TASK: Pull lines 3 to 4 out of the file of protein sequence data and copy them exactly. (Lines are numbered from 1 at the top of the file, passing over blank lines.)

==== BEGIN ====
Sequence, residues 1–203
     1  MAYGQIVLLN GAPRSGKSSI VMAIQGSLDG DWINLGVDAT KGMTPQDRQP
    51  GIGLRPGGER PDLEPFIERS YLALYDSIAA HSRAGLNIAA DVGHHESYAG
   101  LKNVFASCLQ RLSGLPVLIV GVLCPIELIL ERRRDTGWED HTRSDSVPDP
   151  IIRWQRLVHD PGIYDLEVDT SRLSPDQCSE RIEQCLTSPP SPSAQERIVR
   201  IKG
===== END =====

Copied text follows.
    51  GIGLRPGGER PDLEPFIERS YLALYDSIAA HSRAGLNIAA DVGHHESYAG
   101  LKNVFASCLQ RLSGLPVLIV GVLCPIELIL ERRRDTGWED HTRSDSVPDP